Eurozone leaders nearing a “break the glass” moment

President of the World Bank Robert Zoelick argues that Europe will very soon need an emergency response plan.

Eurozone leaders may be nearing a “break the glass” moment: when one smashes the pane protecting the emergency fire alarm. While those living in the eurozone building, especially those on the executive floors, will not want to hear an alarm, they had best read the instructions. Events in Greece could trigger financial fright in Spain, Italy, and across the eurozone, pushing Europe into a danger zone.

The summer of 2012 offers an eerie echo of 2008. Markets are signalling anxieties about a major asset class. In this round, eurozone sovereign debt has replaced mortgages as the risky investment. Banks are under stress. Depositors have not yet begun to run, but they are starting to jog. The European Central Bank, like the US Federal Reserve in 2008, has sought to reassure markets by providing generous liquidity, but collateral quality is declining as the better pickings on bank balance sheets are used up.

If Greece leaves the eurozone, the contagion is impossible to predict, just as Lehman had unexpected consequences. A Greek exit would trigger a hit to confidence in other sovereign euro assets. Eurozone leaders need to be ready. There will not be time for meetings of finance ministers to discuss the outlook and debate the politics of incrementalism. In panicked markets, investors flee to safe assets, sparking other flames.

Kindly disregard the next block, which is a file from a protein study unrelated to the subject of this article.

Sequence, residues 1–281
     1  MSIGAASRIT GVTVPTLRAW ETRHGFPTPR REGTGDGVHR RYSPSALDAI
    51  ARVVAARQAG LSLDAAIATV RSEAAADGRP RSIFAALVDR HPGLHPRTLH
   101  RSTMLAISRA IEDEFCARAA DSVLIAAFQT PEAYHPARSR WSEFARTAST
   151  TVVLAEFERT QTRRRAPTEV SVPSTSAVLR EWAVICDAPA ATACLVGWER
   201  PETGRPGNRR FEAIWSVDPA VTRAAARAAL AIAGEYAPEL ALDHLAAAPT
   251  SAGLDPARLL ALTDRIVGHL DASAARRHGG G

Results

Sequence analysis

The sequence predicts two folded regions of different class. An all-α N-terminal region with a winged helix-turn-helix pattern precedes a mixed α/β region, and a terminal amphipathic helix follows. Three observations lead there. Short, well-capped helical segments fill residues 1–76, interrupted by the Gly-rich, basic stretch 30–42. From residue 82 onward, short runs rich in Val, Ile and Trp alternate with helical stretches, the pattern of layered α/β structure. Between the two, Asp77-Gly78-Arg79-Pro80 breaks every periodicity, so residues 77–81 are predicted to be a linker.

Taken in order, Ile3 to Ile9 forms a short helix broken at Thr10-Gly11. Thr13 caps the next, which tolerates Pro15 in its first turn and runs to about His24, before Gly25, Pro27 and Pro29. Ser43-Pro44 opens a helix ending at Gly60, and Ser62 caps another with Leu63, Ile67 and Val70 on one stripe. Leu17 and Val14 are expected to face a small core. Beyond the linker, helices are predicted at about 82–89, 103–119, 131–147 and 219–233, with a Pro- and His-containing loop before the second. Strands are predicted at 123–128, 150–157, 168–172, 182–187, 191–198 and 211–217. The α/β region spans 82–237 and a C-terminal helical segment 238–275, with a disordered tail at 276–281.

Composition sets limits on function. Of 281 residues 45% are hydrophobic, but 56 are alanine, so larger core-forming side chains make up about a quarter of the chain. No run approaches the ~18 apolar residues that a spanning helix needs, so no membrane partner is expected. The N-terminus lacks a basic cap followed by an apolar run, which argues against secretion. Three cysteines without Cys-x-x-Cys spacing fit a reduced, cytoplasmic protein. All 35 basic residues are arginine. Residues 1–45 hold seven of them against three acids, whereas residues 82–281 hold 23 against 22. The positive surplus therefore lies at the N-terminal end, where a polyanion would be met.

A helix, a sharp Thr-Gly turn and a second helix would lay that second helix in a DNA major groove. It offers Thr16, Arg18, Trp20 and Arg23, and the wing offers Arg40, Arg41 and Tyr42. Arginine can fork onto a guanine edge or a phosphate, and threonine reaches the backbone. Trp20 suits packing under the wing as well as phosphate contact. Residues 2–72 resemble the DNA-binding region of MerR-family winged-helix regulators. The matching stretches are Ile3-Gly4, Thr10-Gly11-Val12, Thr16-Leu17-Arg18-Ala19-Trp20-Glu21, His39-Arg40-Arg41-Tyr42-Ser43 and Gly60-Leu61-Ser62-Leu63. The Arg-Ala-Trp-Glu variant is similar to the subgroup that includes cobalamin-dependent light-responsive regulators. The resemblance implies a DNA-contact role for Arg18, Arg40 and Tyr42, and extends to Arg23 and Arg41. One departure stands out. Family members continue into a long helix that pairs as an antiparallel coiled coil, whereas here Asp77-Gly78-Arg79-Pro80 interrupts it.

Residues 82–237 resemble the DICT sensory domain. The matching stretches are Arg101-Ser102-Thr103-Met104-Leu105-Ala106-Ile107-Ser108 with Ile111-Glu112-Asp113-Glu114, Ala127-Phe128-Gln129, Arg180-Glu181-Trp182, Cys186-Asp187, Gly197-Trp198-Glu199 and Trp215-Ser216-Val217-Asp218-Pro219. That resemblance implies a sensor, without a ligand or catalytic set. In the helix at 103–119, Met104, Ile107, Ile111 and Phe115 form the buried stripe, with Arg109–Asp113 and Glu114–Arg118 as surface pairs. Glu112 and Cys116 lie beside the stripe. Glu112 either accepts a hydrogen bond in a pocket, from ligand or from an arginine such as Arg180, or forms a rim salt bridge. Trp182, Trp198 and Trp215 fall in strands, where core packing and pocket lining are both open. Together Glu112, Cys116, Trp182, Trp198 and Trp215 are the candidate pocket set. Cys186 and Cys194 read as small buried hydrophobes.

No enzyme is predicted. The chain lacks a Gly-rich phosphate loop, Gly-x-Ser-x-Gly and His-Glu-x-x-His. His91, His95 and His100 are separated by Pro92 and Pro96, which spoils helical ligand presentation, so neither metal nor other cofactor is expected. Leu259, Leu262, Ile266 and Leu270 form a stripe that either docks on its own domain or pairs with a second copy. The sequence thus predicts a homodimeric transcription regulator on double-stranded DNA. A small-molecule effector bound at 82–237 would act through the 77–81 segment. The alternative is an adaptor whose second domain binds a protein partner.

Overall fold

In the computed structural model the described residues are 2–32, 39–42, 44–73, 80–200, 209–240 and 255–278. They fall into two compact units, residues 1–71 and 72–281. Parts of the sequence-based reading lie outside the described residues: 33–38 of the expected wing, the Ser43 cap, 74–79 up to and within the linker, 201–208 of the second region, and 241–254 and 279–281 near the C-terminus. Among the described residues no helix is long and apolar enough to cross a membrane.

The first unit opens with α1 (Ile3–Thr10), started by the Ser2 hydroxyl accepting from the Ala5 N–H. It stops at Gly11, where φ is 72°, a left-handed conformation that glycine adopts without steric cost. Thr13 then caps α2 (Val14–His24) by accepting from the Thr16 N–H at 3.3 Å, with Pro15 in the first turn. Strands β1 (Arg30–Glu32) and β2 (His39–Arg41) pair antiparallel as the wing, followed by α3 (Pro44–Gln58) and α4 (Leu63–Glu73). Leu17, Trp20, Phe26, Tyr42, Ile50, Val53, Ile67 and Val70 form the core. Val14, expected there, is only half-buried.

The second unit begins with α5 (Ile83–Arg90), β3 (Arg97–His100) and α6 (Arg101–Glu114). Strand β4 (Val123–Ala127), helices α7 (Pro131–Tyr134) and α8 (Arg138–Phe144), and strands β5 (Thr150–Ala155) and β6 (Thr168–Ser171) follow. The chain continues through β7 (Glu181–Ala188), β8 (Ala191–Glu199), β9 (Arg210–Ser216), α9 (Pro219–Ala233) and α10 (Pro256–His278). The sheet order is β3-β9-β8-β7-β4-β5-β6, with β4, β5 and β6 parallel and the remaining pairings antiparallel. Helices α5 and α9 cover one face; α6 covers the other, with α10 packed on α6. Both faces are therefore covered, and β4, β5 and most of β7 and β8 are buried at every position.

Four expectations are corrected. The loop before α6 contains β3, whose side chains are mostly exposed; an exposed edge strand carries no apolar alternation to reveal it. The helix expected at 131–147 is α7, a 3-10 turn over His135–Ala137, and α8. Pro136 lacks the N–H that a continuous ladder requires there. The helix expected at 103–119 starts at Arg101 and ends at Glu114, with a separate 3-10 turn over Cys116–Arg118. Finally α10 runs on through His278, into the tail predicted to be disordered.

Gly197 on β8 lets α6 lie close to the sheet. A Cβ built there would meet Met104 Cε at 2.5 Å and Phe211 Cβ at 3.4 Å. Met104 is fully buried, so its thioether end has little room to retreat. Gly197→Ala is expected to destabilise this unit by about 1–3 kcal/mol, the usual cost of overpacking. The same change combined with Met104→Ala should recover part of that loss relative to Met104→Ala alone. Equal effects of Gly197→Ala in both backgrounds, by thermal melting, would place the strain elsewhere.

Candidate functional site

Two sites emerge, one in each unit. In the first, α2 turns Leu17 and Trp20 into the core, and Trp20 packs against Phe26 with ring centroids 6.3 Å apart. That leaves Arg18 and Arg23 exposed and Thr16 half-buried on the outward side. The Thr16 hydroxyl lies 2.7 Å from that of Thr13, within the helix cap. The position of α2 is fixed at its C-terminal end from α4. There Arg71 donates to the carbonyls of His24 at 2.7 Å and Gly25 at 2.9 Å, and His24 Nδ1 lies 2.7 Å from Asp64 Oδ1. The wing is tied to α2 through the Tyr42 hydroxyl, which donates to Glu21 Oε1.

Even massive injections of ECB liquidity may not be enough. When I ask developing-country veterans of financial panics what advice they would offer, their response is uniform: governments have to guarantee bank deposits and probably other liabilities. In the eurozone, the guarantees of some national sovereigns are unlikely to be sufficient and only that of the “euro-sovereign” will suffice. It is far from clear that eurozone leaders have steeled themselves for this step.

When financial markets get anxious, peril often strikes two or three links down the financing chain. So eurozone leaders need to be monitoring liquidity risks in the corporate sector. And if banks get emergency assistance, bank executives will need to be pressed to keep providing customers with cash.